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In October, 1996 ZetaTalk stated that the recent spate of Deformed Frogs indicate they are sensitive to emanations from the Earth's core cause by the 12th Planet's approach; in May, 1998 an article explains that scientists cannot find a conventional explanation.

Where Have All the Frogs Gone?
Scientists Gather in Search of the Answer
7:12 a.m. ET (1112 GMT) May 27, 1998
By Amanda Onion, Fox News

In recent years, biologists have slogged to swamps and streams to listen for frogs, and they have come back with some ominous reports: The cacophony of noise that once originated from thousands of nightcallers has dwindled to a scattering of lonely croaks. "It’s been a case of silent streams," said John Wilkinson, international coordinator for the Declining Amphibian Populations Task Force, a group that monitors the worldwide decline in frog populations. "Where there were thousands of frogs all calling away, the next year there are none except dead, bloated bodies."

Since the late 1980s, the number of frogs has dropped precipitously worldwide in a trend that has biologists stumped. Of the more than 4,000 current frog species, more than 200 are approaching dangerously low numbers. Particularly mysterious is the fact that the most severe declines are occurring in pristine environments like Yosemite National Park, Kings Canyon and nature preserves in Costa Rica, Canada and Australia. Habitat disruption - the usual culprit in species decline - appears irrelevant here. So what is to blame?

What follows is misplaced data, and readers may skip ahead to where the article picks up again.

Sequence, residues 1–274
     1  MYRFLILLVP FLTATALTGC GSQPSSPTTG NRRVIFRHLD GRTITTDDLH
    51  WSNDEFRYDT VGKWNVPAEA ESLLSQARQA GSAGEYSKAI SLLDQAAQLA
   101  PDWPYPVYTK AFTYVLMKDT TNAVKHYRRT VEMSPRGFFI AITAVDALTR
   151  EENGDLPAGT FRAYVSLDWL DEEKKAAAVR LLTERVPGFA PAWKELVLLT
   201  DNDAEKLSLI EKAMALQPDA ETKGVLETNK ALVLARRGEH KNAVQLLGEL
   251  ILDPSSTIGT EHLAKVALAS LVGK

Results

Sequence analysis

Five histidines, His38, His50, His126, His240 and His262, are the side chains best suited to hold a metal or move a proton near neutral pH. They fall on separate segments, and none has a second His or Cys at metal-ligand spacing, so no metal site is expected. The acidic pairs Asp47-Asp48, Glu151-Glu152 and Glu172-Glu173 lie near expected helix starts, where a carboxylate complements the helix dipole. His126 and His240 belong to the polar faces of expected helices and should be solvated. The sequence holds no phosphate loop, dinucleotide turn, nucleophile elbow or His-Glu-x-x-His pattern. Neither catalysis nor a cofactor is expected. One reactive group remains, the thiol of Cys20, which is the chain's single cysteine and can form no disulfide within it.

The fact that that question remains unanswered as frogs continue to vanish has prompted a group of top U.S. officials to zero in on the frog issue. Representatives from the Department of the Interior, the National Institute of Health, the Department of Agriculture and the Environmental Protection Agency, among others, will be in attendance as herpetologists (amphibian specialists) from around the world gather in Washington D.C. on Thursday and Friday to compare notes about the declines and possible causes. Most importantly, the scientists hope to convey that the frogs' problem could become our problem and merits more research money.